25. Jack Quanstrum - May 22, 2018 3:57 pm

    Great Read! Good job with your sister. Happy for you both!

    Reply
  26. sam smith - May 22, 2018 7:44 pm

    Sean, you aced it yet again.
    Thanks for continuing to share your world, and make ours brighter. (After the tears your words often bring, that is.)

    Reply
  27. BTS - May 22, 2018 10:21 pm

    Beautiful
    Big brothers are a special blessing!

    Reply
  28. Patricia Gibson - May 22, 2018 10:56 pm

    I love you! You make my day!

    Reply
  29. Lisbeth Garecht - May 23, 2018 1:33 am

    You did good. You both did real good.

    Reply
    • Ben Saye - May 23, 2018 2:10 am

      Shawn, Take it from your dad’s best friend he would be very proud of you!

      Reply
  30. Gay - May 23, 2018 1:40 am

    A real tear jerker…..thanks Sean!

    Reply
  31. Martha Anne - May 23, 2018 2:31 am

    No, you didn’t. It’s because of God’s grace in giving her you that she overcame her childhood hurts. And it’s God’s grace that’s enabling you to overcome your childhood hurts, too. ❤️

    Reply
  32. Ann Foley - May 23, 2018 1:33 pm

    I enjoy your ‘sister’ stories. You should write more about her.

    Reply
  33. Janet Mary Lee - May 23, 2018 2:40 pm

    I echo Ann in her comment above! And how gracious they are to share themselves with us. You done it again!!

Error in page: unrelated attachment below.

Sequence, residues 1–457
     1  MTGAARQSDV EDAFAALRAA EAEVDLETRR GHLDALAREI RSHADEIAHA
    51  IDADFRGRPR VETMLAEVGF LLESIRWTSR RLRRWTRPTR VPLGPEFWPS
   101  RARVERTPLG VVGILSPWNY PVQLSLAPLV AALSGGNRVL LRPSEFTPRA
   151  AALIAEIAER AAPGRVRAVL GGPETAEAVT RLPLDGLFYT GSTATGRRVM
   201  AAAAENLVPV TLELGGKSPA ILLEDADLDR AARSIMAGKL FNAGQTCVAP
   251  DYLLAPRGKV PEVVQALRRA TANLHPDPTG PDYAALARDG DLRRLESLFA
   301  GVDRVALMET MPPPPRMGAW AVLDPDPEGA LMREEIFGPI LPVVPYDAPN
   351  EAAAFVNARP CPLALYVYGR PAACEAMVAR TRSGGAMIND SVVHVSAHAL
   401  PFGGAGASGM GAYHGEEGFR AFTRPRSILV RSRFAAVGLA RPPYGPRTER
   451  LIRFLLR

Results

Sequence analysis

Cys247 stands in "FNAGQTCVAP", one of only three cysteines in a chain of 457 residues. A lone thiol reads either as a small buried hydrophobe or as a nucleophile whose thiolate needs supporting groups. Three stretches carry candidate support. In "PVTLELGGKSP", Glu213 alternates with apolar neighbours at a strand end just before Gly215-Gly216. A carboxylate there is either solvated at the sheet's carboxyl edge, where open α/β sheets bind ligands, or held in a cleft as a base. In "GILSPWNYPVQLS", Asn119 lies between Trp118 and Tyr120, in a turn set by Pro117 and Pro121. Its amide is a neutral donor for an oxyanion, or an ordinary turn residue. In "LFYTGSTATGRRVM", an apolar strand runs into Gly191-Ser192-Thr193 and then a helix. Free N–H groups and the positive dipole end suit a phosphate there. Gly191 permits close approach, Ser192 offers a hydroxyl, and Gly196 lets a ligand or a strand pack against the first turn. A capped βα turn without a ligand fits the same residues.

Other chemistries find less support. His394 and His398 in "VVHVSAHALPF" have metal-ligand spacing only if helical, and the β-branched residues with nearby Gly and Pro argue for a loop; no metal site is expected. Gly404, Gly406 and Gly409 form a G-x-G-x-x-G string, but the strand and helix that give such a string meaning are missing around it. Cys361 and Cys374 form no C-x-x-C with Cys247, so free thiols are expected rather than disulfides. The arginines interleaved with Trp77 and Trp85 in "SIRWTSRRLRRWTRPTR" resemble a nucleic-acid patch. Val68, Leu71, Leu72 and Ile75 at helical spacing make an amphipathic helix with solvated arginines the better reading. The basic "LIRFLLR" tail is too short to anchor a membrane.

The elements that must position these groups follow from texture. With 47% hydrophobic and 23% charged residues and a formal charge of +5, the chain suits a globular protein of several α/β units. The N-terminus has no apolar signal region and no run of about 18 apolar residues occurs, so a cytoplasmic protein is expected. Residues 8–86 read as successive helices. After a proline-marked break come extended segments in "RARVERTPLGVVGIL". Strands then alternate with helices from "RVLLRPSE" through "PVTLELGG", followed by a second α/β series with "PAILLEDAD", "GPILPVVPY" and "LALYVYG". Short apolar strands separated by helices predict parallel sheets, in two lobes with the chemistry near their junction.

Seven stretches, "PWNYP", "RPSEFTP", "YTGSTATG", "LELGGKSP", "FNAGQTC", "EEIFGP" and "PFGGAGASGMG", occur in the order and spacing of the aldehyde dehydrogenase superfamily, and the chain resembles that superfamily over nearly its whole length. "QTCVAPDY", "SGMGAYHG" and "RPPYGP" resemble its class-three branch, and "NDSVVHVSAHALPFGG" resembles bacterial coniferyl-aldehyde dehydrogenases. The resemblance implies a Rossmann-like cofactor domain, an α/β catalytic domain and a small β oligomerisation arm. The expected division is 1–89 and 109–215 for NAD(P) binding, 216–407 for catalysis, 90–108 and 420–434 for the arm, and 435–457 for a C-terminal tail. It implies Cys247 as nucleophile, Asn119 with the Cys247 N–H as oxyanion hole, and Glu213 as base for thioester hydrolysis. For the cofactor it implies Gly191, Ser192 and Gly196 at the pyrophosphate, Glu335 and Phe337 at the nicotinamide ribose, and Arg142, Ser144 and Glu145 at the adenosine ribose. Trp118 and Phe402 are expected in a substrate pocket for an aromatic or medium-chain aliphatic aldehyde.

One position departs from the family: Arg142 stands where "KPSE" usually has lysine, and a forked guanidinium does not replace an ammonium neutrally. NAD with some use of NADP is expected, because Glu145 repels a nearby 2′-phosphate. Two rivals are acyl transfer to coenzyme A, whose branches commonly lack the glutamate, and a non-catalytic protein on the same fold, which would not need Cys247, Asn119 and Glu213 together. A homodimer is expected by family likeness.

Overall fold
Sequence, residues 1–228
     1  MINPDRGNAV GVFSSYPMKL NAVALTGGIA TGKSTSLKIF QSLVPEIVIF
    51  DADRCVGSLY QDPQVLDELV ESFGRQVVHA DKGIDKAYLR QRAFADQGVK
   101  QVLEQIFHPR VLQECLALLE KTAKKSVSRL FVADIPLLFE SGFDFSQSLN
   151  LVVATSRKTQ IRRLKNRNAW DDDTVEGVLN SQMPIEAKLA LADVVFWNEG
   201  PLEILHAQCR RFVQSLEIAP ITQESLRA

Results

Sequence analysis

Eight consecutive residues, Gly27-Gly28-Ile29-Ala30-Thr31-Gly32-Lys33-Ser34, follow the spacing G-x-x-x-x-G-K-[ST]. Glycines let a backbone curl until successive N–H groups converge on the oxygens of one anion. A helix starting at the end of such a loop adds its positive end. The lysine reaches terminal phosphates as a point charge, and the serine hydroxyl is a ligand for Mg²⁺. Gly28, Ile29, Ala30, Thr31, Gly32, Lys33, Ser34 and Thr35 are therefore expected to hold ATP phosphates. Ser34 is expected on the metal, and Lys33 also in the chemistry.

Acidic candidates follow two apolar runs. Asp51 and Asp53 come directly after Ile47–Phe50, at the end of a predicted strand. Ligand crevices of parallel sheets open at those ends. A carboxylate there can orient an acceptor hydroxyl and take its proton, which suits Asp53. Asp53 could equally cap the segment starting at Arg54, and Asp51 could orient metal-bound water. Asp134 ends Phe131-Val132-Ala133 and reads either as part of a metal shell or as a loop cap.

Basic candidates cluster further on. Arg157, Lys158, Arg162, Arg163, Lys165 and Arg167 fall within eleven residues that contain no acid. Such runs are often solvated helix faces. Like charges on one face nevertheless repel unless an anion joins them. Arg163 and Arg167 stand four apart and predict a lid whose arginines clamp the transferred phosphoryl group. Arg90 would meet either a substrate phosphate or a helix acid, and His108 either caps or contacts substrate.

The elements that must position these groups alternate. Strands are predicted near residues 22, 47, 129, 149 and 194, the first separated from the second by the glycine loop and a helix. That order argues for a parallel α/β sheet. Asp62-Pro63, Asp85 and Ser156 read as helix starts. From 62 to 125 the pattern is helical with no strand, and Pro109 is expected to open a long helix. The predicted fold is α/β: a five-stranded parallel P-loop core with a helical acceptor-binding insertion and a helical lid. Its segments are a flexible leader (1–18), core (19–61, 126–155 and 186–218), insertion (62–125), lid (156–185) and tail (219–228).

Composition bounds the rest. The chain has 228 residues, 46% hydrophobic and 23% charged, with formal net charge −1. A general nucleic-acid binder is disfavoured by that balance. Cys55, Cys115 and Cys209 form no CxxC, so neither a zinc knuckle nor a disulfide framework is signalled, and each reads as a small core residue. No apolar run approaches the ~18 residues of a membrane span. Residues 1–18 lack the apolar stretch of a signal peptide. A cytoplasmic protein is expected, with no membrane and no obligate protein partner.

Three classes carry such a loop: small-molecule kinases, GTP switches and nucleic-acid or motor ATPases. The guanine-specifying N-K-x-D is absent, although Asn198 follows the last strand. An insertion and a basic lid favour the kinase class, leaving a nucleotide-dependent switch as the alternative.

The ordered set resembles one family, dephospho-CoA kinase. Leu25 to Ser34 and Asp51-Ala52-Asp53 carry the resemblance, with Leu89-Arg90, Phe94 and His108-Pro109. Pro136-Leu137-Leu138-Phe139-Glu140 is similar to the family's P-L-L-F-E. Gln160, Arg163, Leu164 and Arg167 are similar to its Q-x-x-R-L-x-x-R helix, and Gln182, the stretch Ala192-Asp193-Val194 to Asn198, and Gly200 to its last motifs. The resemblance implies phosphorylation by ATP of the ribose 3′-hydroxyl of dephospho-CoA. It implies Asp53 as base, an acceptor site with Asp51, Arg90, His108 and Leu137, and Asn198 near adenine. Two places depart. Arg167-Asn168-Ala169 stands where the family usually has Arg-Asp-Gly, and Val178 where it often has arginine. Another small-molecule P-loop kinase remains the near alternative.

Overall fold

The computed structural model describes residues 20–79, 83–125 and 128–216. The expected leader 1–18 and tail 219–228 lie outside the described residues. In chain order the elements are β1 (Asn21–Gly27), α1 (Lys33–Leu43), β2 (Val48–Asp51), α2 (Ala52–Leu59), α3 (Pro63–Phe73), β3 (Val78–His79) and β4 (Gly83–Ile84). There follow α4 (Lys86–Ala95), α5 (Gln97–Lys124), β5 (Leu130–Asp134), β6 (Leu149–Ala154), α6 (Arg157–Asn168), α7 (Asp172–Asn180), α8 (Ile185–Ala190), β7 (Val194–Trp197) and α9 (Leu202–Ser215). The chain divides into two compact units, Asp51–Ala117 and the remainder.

Reply
  34. Camille Atkins - May 23, 2018 2:55 pm

    And that ignoramus DIDN’T-GET-YOUR-WRITING??

    Reply
  35. Jim - May 23, 2018 4:52 pm

    Sean, I was born an only child. Strangely, I befriended classmates from large families. None were ‘only’ like me. They taught me love, consideration, honesty, faith, sacrifice, and understanding. The attitudes my parents grew up sharing with their siblings. My parents worked outside our home in the family business, so being alone, my instincts led me to friendships with those most like my parents. Your story is filled with all the best things life offers if you live it well, as God intended us to share. Nothing is better than the love of family, especially between siblings with fine parents as examples. If love is in the home, God lives there.

    Reply
  36. Linda Chipman - May 23, 2018 5:52 pm

    This one is one of the best you’ve ever written. I have a brother who is younger and I know there is no love like the love between siblings.

    Reply
  37. Deborah - May 24, 2018 2:06 am

    You are awesome and you made me cry. I can relate to everything you write.

    Reply